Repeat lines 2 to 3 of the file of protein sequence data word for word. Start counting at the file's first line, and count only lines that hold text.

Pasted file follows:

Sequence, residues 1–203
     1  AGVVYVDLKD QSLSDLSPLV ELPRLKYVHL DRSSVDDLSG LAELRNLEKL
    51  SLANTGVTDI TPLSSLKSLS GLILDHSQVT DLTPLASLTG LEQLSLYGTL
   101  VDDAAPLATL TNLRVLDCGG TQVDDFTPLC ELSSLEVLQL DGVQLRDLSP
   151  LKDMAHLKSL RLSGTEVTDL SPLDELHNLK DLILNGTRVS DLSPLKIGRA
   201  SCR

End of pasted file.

     1  AGVVYVDLKD QSLSDLSPLV ELPRLKYVHL DRSSVDDLSG LAELRNLEKL
    51  SLANTGVTDI TPLSSLKSLS GLILDHSQVT DLTPLASLTG LEQLSLYGTL